In his essay “The Law”, Frederic Bastiat identified the fatal tendencies of free people. “[T]here is also another tendency that is common among people. When they can, they wish to live and prosper at the expense of others.”  This helps explain why the number of Americans on Food Stamps has expanded from 25 million in 2008 to 47 million this past June.
While this has occurred something else has been in decline: any measure of shame for participating in government sponsored transfers of wealth. If there is any among you who doubt this I direct your attention to the events of Saturday last in Mansfield and Springhill, LA, Wal-Marts. When shoppers wielding EBT cards learned that the cards would not function, Wal-Mart faced a conundrum: turn away all those juicy, government subsidized sales or propose an interim measure: EBT shoppers could shop with no limit to their EBT plundering power.
“Shoppers” lined up buggy after buggy of food items, some chaining 6 and 7 buggies together to increase their haul. The cops had to be called in to manage the free shopping bonanza which turned into a cleanup disaster when balances began appearing on EBT cards prodding most “shoppers” to abandon their overloaded string of carts and flee for the exits. Today the State Dept of Children & Family Services said the State does place a $50 limit on cards during an outage so Wal-Mart would be responsible for the overages. Wal-Mart hasn’t decided whether they will seek criminal charges against the card plunderers.
If you tried to skate from Best Buy with $2,000 in electronics charged on a subsequently declined credit card, Best Buy would have no such mercy on you but because the perps in this exchange are wards of the State, a different set of rules applies or should I say “set of suggestions” because rules are for those not living and prospering at the expense of others.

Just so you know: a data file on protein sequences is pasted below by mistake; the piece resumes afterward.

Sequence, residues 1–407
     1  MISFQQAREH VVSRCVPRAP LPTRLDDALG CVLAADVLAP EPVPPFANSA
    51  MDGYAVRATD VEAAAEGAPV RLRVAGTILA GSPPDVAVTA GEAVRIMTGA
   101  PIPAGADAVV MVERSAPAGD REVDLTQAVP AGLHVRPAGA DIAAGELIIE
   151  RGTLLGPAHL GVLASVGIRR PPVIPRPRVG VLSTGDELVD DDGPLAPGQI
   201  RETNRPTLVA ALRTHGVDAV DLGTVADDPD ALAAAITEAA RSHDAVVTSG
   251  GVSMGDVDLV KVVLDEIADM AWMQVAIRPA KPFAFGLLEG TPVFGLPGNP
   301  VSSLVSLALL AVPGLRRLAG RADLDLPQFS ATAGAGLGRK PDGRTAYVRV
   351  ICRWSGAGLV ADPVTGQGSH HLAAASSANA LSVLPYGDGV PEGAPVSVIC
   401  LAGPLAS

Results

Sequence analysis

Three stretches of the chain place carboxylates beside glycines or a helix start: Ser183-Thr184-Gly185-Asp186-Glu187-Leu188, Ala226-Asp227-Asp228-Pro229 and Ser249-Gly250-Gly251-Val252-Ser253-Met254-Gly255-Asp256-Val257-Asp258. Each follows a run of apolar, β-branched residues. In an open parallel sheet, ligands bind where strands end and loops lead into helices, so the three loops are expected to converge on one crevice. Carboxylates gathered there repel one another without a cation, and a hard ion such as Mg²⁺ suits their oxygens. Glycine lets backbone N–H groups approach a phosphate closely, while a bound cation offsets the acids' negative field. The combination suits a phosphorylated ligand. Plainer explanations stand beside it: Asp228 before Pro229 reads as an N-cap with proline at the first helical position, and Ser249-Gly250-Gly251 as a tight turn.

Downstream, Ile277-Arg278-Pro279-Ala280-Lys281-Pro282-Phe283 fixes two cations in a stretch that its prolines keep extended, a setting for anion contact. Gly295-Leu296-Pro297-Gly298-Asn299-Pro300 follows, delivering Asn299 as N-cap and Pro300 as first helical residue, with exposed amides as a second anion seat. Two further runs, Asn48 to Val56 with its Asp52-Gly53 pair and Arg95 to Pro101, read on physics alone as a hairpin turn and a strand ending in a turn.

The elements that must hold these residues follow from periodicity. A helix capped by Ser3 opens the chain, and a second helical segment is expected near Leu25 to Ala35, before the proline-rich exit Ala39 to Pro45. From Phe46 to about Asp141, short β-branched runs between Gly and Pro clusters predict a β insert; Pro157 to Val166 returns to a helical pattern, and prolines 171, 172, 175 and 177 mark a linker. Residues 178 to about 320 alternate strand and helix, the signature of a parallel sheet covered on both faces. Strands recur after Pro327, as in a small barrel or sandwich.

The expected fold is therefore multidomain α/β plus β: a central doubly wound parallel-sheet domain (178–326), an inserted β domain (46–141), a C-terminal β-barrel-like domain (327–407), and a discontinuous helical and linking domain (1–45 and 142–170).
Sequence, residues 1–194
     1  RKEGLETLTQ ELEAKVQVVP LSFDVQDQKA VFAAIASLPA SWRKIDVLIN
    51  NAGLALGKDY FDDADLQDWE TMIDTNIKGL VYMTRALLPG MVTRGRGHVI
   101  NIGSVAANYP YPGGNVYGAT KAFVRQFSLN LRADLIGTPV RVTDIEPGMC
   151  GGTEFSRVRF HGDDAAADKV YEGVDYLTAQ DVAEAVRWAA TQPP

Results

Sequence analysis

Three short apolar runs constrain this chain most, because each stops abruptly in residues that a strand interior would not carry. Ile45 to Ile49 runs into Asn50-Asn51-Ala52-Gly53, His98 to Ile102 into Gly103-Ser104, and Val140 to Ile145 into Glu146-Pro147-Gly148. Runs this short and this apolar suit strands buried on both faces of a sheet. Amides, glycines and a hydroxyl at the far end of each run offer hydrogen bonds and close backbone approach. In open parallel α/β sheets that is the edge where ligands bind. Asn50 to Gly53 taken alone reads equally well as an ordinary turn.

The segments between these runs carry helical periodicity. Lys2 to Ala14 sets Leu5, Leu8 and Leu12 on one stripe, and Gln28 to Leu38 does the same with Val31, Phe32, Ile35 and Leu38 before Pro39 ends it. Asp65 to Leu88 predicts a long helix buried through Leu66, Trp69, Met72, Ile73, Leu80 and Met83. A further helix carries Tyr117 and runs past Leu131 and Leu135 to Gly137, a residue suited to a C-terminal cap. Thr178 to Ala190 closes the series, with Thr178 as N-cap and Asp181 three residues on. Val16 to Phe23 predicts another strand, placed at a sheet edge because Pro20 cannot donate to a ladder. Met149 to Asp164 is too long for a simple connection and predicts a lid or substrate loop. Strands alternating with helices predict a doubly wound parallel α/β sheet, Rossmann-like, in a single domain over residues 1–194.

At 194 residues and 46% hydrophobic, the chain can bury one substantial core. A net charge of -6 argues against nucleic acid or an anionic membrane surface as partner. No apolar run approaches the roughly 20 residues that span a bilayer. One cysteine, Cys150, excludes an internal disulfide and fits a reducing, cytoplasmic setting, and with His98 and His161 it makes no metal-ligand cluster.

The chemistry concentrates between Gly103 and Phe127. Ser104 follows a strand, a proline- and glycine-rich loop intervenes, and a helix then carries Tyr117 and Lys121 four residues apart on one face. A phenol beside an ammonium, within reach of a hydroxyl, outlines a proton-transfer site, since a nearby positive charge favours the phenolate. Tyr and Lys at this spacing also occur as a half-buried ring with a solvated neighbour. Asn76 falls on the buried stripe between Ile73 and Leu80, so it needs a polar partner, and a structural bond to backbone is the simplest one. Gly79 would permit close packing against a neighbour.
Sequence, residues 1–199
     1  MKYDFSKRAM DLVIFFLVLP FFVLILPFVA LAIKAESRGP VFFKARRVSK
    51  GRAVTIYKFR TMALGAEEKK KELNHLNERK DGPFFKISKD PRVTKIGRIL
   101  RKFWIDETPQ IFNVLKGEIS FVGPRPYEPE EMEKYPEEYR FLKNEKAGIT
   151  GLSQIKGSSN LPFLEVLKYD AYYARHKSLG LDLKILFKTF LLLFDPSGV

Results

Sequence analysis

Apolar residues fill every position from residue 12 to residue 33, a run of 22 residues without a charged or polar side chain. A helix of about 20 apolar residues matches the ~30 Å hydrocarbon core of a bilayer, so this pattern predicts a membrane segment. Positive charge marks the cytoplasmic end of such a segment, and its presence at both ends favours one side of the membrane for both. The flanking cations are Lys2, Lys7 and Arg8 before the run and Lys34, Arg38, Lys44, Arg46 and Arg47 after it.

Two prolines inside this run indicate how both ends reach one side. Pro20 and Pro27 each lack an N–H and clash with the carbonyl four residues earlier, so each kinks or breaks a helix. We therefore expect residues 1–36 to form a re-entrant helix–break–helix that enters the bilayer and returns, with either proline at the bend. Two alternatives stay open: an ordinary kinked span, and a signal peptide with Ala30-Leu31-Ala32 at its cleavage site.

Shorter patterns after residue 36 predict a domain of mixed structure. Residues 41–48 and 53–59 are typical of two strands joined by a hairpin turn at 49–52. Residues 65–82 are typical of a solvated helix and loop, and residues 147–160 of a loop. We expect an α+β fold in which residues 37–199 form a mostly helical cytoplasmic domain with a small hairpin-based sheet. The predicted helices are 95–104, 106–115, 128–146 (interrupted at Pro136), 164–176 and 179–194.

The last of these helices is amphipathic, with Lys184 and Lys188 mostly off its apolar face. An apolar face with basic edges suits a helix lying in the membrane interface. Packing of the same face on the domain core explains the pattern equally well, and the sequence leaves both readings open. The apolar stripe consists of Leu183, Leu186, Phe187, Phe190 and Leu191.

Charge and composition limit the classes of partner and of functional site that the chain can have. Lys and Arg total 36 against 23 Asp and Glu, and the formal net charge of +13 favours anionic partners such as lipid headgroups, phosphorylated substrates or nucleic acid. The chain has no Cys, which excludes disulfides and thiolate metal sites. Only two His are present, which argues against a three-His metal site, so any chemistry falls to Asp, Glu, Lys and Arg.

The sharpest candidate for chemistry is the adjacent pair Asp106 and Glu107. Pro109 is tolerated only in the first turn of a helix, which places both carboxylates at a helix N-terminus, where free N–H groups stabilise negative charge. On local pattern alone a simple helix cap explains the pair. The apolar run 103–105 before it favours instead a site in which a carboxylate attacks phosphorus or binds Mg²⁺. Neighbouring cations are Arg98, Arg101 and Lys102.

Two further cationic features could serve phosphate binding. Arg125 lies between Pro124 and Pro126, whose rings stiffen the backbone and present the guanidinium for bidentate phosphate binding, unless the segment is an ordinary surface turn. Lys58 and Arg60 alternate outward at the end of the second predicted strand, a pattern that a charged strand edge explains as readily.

Bastiat, Frederic, Law, The. A Fatal Tendency of Mankind Self-preservation and self-development are common aspirations among all people. And if everyone enjoyed the unrestricted use of his faculties and the free disposition of the fruits of his labor, social progress would be ceaseless, uninterrupted, and unfailing. But there is also another tendency that is common among people. When they can, they wish to live and prosper at the expense of others. This is no rash accusation. Nor does it come from a gloomy and uncharitable spirit. The annals of history bear witness to the truth of it: the incessant wars, mass migrations, religious persecutions, universal slavery, dishonesty in commerce, and monopolies. This fatal desire has its origin in the very nature of man — in that primitive, universal, and insuppressible instinct that impels him to satisfy his desires with the least possible pain. See – http://bastiat.org/en/the_law.html#SECTION_G007